Facebook may be forced to turn to illegal content worldwide, the EU’s top court rules

BRUSSELS (Reuters) – Facebook may be purchased at the police department, and the removal of illegal content, global Europe’s highest court said on Thursday, in a landmark ruling that rights advocates say could lead to authoritarian rule in order to silence the critics.

FILE PHOTO: A 3-D-printed with Facebook logo is seen in front of binary code in this picture illustration, the 18th of June, 2019 at the latest. REUTERS/dado Ruvic/Image/File Photo

The decision came just a week after the court said that it does not apply Europe’s “right to be forgotten” law in the global, and the gain of the glory of the freedom of expression of lawyers, as judges, to try and figure out just how much of the responsibility for, the content, the platforms to be.

The ruling by the Luxembourg-based Court of justice of the court of Justice of the European Union (CJEU), said that Facebook could have, in order to comply with requests to take down the content worldwide, subject to certain conditions.

“EU law does not get in the way of a host service provider, such as Facebook, are ordered to remove the same, may, in certain circumstances, similar observations have previously been declared to be illegal,” the Court said in a statement.

“In addition, the EU law does not preclude such a facility from the production of securities, globally, and within the framework of international law.”

Facebook slammed the decision, saying that it is not the role of the social platforms and to monitor, interpret it, and then delete the speech may be illegal in a particular country.

“It undermines the well-established principle that a country does not have the right to the enforcement of the laws relating to the address in a different country. It also opens the door to the obligations that may be imposed on the internet companies, pro-active management of the content, and then it will be interpreted as the ‘equivalent’ of content that is illegal,” the company said.

“For the national court to be very clear definitions of what is ‘the same’ and ‘equal’ means in practice. It is hoped that the court, in a proportionate and measured approach, in order to prevent a chilling effect on freedom of opinion and expression.”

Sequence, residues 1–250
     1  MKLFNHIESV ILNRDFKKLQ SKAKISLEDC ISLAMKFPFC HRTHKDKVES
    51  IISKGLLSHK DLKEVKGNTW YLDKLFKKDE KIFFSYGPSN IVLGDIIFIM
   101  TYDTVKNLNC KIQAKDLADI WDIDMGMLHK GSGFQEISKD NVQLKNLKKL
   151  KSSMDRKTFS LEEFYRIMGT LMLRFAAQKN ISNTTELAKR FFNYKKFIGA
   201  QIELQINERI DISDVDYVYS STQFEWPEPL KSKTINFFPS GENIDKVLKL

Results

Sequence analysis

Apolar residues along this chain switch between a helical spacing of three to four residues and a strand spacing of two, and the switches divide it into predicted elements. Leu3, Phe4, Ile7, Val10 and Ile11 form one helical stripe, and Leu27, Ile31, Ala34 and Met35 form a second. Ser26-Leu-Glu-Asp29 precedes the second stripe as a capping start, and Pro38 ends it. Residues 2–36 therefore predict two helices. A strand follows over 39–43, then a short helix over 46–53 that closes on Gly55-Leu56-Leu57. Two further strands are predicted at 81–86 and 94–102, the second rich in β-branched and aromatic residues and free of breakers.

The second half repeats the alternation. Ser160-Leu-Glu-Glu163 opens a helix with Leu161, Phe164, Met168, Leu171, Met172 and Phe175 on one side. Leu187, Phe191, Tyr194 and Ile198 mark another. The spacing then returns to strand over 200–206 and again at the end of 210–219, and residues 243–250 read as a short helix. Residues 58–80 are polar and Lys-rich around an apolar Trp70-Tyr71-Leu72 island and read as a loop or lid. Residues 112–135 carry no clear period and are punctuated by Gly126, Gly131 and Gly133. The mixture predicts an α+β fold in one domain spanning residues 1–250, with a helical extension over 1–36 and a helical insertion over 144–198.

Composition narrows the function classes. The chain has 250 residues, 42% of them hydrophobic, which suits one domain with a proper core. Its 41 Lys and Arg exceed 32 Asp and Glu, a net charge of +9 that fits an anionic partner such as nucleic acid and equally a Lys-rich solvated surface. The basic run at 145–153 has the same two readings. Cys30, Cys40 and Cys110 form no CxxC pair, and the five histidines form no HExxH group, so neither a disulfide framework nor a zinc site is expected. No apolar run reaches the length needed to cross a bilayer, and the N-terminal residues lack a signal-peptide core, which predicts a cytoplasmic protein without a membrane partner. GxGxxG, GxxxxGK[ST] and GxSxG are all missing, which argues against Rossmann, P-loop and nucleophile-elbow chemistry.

UK rights group, Article 19, supported to Facebook, saying that it could affect online freedom of expression around the world.

“Engaging with social media platforms like Facebook to automatically delete e-mail messages, regardless of their context in violation of our right to free speech, to limit the information that we have online to be able to see it,” executive director Thomas Hughes said.

He said that this could lead to cases in which a court in one country demands the removal of social media posts in a foreign country, even if it’s not illegal in that country.

“It would be a dangerous precedent in which the courts of one country to determine what users want from the internet in a different country to be able to see it. It would have been in order, in particular, regimes with low human rights records,” he said.

The European Commission has said that the decision was limited to the court orders and does not relate to any other form of communication to the users, who claimed that some of the content is illegal.

Facebook is in the dock after the Eve Glawisching-Piesczek, chairman of the Green parliamentary group in Austria, called on the company in an Austrian court, the question of the removal of a comment posted by a user who said they did in her glory, and the removal of the same amounts.

The Austrian court then sought guidance from the european COURT of justice.

In the case of the C-18/18-Eva Glawischnig-Piesczek v Facebook Ireland Limited,

Reporting By Jan Strupczewski; editing by John Stonestreet and Elaine Hardcastle

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